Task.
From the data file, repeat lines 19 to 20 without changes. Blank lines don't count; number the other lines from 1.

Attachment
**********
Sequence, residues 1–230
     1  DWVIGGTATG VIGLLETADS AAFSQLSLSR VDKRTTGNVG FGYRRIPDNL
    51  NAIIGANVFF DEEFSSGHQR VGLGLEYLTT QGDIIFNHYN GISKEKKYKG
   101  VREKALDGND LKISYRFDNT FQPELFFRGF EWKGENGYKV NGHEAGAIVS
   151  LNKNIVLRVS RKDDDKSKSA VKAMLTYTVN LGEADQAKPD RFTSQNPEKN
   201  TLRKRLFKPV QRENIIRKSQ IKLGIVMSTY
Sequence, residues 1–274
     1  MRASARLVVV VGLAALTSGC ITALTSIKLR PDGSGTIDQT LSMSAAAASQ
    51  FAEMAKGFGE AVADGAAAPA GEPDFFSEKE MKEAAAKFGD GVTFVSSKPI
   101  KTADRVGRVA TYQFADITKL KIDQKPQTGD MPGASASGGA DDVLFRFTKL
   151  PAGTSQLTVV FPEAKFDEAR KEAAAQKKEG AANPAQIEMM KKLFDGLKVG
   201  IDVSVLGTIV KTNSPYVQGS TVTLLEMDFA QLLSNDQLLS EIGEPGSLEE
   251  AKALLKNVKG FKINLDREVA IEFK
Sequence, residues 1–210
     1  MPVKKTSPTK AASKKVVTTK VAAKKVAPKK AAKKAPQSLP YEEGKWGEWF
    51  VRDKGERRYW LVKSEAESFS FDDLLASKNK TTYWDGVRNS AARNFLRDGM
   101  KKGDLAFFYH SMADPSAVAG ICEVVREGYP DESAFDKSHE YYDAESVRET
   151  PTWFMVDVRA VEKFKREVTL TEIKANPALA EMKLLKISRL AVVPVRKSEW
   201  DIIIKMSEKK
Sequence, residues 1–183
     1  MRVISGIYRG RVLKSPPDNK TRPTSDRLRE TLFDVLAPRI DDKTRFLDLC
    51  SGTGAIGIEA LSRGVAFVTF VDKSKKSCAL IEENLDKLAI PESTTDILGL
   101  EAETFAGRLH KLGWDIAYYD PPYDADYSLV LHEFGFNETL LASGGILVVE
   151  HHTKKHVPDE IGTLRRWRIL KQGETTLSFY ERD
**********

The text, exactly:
   201  DIIIKMSEKK
Sequence, residues 1–183